TPM vs. OEM: What’s best for your business.

Organizations that make use of data center infrastructure, including server, storage, and network equipment, must consider the best way to maintain these assets, to ensure the highest level of performance. Equipment failure can impact operations and profitability, so keeping downtime to an absolute minimum is a top priority for companies where IT plays an important role.  

At the same time, managers understandably want to find the most affordable solutions to optimize their IT budget. Given these realities, companies have two major options when it comes to IT support and maintenance: OEM or TPM contracts. Next, we’ll look at what they are and their differences.  

What is OEM support? 

OEM (Original Equipment Manufacturer) support refers to technical support and other services provided by a company that manufactures and sells equipment. OEM support can include software updates, troubleshooting assistance, repair or replacement of defective parts, and access to training materials. This type of support is generally available for up to 6 years after the equipment were released. However, once new generation products become available the OEM would typically halt support and flag the equipment as end-of-life. 

What is TPM support? 

TPM, short for Third-Party Maintenance, is the practice of outsourcing the maintenance, repair and support of IT equipment and systems to an external vendor, rather than maintaining it in-house or through the OEM. This can include hardware maintenance and other IT-related services like troubleshooting and technical support. Unlike the OEM who mostly supports only the equipment they manufacture, a TPM provider has multi-vendor capabilities.  

OEM vs TPM support


Benefits of choosing Third-Party Maintenance 

  • Cost
    First of all, TPM provides considerable savings compared with OEMs. In fact, third-party maintenance can be up to 70% cheaper.
  • Extending the life of IT assets
    Original Equipment Manufacturers are incentivized to provoke premature refresh cycles, as their priority is to sell new machines. Third-party maintenance providers, meanwhile, extend the life of existing equipment beyond their original warranty end date or their established EOSL (End of Service Life), giving the customer more control over their replacement strategy.
  • Flexibility in contract term
    TPM contracts typically offer greater flexibility than those of an original equipment manufacturer, which usually don’t offer contracts of less than a year in length, for instance.
  • Leverage against an OEM quote
    The savings offered by TPM providers with their maintenance contracts can be used to negotiate better terms with an OEM. Faced with losing a client’s business, an OEM might be willing to match a TPM offer in some or all aspects, giving you greater leverage in your negotiations.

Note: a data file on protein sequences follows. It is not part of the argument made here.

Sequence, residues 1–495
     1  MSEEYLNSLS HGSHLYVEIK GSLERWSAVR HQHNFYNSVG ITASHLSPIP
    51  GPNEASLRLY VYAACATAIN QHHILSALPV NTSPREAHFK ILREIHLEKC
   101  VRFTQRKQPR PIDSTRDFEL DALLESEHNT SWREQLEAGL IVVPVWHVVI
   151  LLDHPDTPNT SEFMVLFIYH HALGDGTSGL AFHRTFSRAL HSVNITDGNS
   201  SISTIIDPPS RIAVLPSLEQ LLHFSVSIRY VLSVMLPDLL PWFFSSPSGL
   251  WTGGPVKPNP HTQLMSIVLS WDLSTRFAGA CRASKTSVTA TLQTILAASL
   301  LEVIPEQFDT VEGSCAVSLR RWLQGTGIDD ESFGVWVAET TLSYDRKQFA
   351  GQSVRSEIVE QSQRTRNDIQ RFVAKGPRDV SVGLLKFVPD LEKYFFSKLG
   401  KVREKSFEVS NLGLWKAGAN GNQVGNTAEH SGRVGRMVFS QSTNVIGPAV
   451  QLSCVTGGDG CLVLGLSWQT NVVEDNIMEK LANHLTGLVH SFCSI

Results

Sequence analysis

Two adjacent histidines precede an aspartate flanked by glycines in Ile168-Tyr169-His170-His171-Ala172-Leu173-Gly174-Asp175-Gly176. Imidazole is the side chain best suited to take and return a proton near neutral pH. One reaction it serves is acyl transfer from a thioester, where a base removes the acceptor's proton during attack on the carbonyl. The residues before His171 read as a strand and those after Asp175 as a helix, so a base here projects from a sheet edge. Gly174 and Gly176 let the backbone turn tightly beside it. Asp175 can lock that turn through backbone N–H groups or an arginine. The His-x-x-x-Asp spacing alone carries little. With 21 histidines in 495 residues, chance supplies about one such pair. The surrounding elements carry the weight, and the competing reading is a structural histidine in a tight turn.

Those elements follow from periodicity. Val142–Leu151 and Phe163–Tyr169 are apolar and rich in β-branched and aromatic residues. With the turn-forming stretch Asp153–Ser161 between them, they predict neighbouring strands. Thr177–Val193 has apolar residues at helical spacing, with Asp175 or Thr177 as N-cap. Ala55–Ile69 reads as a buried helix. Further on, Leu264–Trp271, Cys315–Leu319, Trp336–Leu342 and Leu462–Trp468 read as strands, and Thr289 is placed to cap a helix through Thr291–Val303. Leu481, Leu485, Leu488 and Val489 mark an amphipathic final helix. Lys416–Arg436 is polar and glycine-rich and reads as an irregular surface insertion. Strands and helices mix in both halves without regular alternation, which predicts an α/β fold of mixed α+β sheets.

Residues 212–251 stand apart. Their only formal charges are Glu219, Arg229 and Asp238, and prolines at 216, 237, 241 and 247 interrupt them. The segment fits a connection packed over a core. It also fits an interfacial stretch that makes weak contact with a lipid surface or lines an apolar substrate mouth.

• Superior service
    While OEM’s service thousands of clients at a time, TPM maintenance providers usually provide more personal attention and a faster, more responsive service that can be customized according to your organization’s specific needs.
  • Multi-vendor support
    Many current data centers are equipped with infrastructure from different companies. Being brand-agnostic, third-party management providers offer the benefit of becoming a single point of contact for support and maintenance even when your equipment comes from multiple manufacturers, considerably simplifying and streamlining the process.
  • A smaller carbon footprint
    Last but not least, third-party maintenance, by extending the life of existing equipment, prevents the manufacture of new machines and the emissions involved, which are substantial: up to 80% of a computer’s lifetime greenhouse gas emissions are produced during its manufacturing process. For organizations, this results in improved sustainability scores, an increasingly important metric for today’s CIOs.  


A hybrid approach 

 For many organizations, then, the benefits of switching to a third-party maintenance contract are considerable. If a company is sceptical about such a change, it can also take, as Gartner suggests, a hybrid approach, combining TPM and OEM contracts. 

To find out more about the process and costs of switching to a third-party maintenance contract, contact the support team at Evernex.  


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